Canadian Stocks Drop as Looming U.S. Shutdown Overshadows DataEric Lam and Lu Wang
Canadian stocks fell, paring the biggest quarterly gain in a year, as a likely U.S. government shutdown weighed on global equities, overshadowing data showing a pickup in growth in the world’s 11th-largest economy.
Pacific Rubiales Energy Corp. fell 5.6 percent after agreeing to buy Petrominerales Ltd. for C$935 million ($912 million). Brookfield Office Properties Inc. jumped 14 percent after Brookfield Property Partners LP offered to buy the shares it doesn’t already own in the office landlord.
The Standard & Poor’s/TSX Composite Index declined 56.89 points, or 0.4 percent, to 12,787.19 at 4 p.m. in Toronto. The benchmark gauge for Canadian equities jumped 5.4 percent this quarter, its best performance since September 2012, and is up 2.8 percent in 2013. Trading volume was 10 percent above the 30-day average.
“No one expects the largest economy in the world to have a gridlock when it comes to the parliament and it’s unfortunate that it’s a very fractious environment,” Irwin Michael, portfolio manager with ABC Funds in Toronto, said in a phone interview. His firm manages C$800 million. “If there is no extended shutdown in the U.S. government, we expect the North American economy to start to become a little more positive in direction.”
The deadlocked U.S. Congress headed into the final hours before the first partial government shutdown in 17 years without any signs of averting widespread furloughs of government workers. The U.S. is Canada’s largest trading partner.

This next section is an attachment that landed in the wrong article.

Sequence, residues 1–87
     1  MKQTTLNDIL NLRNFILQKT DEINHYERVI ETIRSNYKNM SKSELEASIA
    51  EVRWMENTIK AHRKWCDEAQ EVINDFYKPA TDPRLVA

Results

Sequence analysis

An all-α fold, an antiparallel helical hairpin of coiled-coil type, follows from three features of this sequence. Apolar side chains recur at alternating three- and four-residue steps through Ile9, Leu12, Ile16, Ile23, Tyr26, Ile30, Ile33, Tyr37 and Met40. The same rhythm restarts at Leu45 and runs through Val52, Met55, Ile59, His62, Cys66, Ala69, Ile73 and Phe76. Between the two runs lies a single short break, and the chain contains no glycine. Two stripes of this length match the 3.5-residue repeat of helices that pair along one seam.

All 24 of the world’s developed stock markets retreated today, with the benchmark U.S. equity gauge sliding 0.6 percent.
A shutdown of the government would reduce fourth-quarter economic growth in the U.S. by as much as 1.4 percentage points depending on its length, economists at Moody’s Analytics Inc. estimated last week.
In Canada, gross domestic product grew 0.6 percent to an annualized C$1.58 trillion, the biggest gain since July 2011, as the economy recovered from a construction strike in Quebec and flooding in Alberta, Statistics Canada said today in Ottawa.
Consumer sentiment climbed to the highest in more than two years as employment rose and the housing market remained buoyant, according to the new Bloomberg Nanos Canadian Confidence Index.
All 10 main industries in the S&P/TSX fell. Health-care stocks slid 1.2 percent for the worst performance as Catamaran Corp. dropped 3.4 percent to C$47.32, its lowest close in 2013.
Pacific Rubiales slipped 5.6 percent to C$20.34. The company agreed to buy Petrominerales as the world’s fastest-growing major crude producer seeks to reduce transport costs.
Petrominerales shareholders will receive C$11 a share and one share in a newly formed exploration and production company, Pacific Rubiales said it will also take on C$640 million in debt, including convertible bonds.
Shares of Petrominerales surged 51 percent to C$11.70.
Brookfield Office paced the gains, surging 14 percent to C$19.74, a five-year high. Brookfield Property, which currently owns 51 percent of Brookfield Office, said it’s planning a tender offer of the landlord’s shares for stock or cash at a value of $19.34 each. The acquisition will create a combined entity with 330 million square feet (31 million square meters) of office, retail and industrial space on four continents, the company said.
SNC-Lavalin Group Inc. rose 2.4 percent to C$42.35. Canada’s biggest engineering and construction company said it hired Morgan Stanley and Royal Bank of Canada to help sell an equity stake in its AltaLink power-transmission unit.